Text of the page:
The Squirming Sago Grub
Known locally as Butod, Sago Grub or Sago Worm is a delicacy – as well as one of the most disgusting looking foods you can find in Sabah. Sago Grub might look like its straight from a horror film, but it is actually an extremely nutritious food. However, it’s a test of bravery to put this wriggling bug into your mouth (yes they are eaten alive). Butod is the larvae of Sago Palm Weevil, a species of snout beetle that consumes sago palm during its infancy. They can grow fatter than your little finger and look like a giant squirming maggot with mandibles. This creamy yellow colored fat worm is rich in protein and can claim a high price tag when sold. Want to try one? Then head to a local market in Sabah.
Catch Your own Fish Dinner in Japan
There’s nothing quite as delicious as fresh seafood; but of course, roaming the wide open seas to catch your dinner is hard work. Luckily, Zauo, a seafood restaurant in Shinjuku, has found a way for its clientele to catch their fish and eat it, too. Diners sit in replica boats over a sunken pond filled with fish. You are given a rental fishing line and can target the fish you like. Staff will even prepare the fish based on either their recommendation or the diner’s preference. Sushi and sashimi, grilled or boiled, deep fried are all on the menu. If diners can catch the fish themselves, they can also receive a discount!
Fine Insect-dining in Thailand
In Thailand it’s quite common to see fried insects sprinkled with pepper for sale by the roadside. There are many insects or bugs that end up fried waiting for someone to eat them; for example, cicada, cricket, locusts and a number of grubs. Those who try them often mention a salty, crisp taste with added spice from the seasoning. They are regularly eaten as a snack – a bit like French fries!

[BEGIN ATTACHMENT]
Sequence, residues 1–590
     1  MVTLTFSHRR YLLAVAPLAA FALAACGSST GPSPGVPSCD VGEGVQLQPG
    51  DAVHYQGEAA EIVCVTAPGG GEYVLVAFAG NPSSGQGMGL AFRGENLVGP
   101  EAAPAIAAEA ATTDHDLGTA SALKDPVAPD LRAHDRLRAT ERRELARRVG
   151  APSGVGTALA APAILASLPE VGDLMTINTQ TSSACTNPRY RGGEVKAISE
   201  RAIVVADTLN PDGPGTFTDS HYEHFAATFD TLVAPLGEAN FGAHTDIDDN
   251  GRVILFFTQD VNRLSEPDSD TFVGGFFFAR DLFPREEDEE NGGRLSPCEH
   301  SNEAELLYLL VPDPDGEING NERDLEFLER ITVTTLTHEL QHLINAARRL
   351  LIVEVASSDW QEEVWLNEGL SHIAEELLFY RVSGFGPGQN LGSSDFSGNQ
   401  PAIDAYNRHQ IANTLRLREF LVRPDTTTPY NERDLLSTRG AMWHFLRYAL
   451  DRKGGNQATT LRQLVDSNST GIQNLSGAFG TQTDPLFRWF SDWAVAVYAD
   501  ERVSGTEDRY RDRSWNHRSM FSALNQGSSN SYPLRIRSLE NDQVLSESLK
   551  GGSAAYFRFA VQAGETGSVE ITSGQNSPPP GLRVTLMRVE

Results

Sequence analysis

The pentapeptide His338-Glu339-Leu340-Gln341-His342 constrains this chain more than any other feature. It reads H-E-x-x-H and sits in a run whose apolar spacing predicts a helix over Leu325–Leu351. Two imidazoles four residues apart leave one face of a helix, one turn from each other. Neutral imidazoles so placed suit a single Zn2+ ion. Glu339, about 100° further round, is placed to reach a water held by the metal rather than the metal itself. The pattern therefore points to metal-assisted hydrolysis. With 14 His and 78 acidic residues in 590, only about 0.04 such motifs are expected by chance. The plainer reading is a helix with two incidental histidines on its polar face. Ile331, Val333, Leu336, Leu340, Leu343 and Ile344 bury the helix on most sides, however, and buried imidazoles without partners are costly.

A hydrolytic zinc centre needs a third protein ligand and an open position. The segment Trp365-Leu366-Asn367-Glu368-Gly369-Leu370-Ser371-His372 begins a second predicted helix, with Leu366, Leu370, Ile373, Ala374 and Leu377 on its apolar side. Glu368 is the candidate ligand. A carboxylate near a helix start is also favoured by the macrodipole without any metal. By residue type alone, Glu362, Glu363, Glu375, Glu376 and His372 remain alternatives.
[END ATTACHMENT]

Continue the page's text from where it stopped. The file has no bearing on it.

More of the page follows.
So how have they been introduced into the fine-dining scene? Well they aren’t without their health-giving benefits. Insects provide quality protein and essential nutrients, they are also low in fat. A local restaurant located on Sirindhron Road, Thonburi, claims to be experts in preparing insects and bugs, adding them to their menu.
The insects are included alongside regular ingredients, such as lobster, to create delights such as, lobster and grass hopper bisque risotto. So next time you are in Thailand, don’t think of these insects as roadside fare, but as high end dining ingredients to be enjoyed in a restaurant!
Jumping Shrimp Salad
A truly unique Thai dish is Yum Goong Ten, or Jumping Shrimp Salad, is a traditional Isaan (and Laotian food), that is cooked from live shrimp caught in the Mekong River. The origins of Yum Goong Ten can be traced back to Indochina, when jumping shrimp salad was a part of cultural tradition – and food was simply whatever was available to them. Nowadays, local herbs and spices are mixed with small live shrimps before being placed onto a tray or bowl and served on bamboo mats as part of an Isaan food set. You will see many little opaque shrimps jumping about. Eaten alive, they are quite sour and spicy – but also delicious.
Jumping Shrimp Salad is a very local dish that should definitely be tried when visiting the north east of Thailand. However, it is made from live, raw shrimp, so if you do wish to try it, we recommend ordering it from a restaurant that has safe food certificates.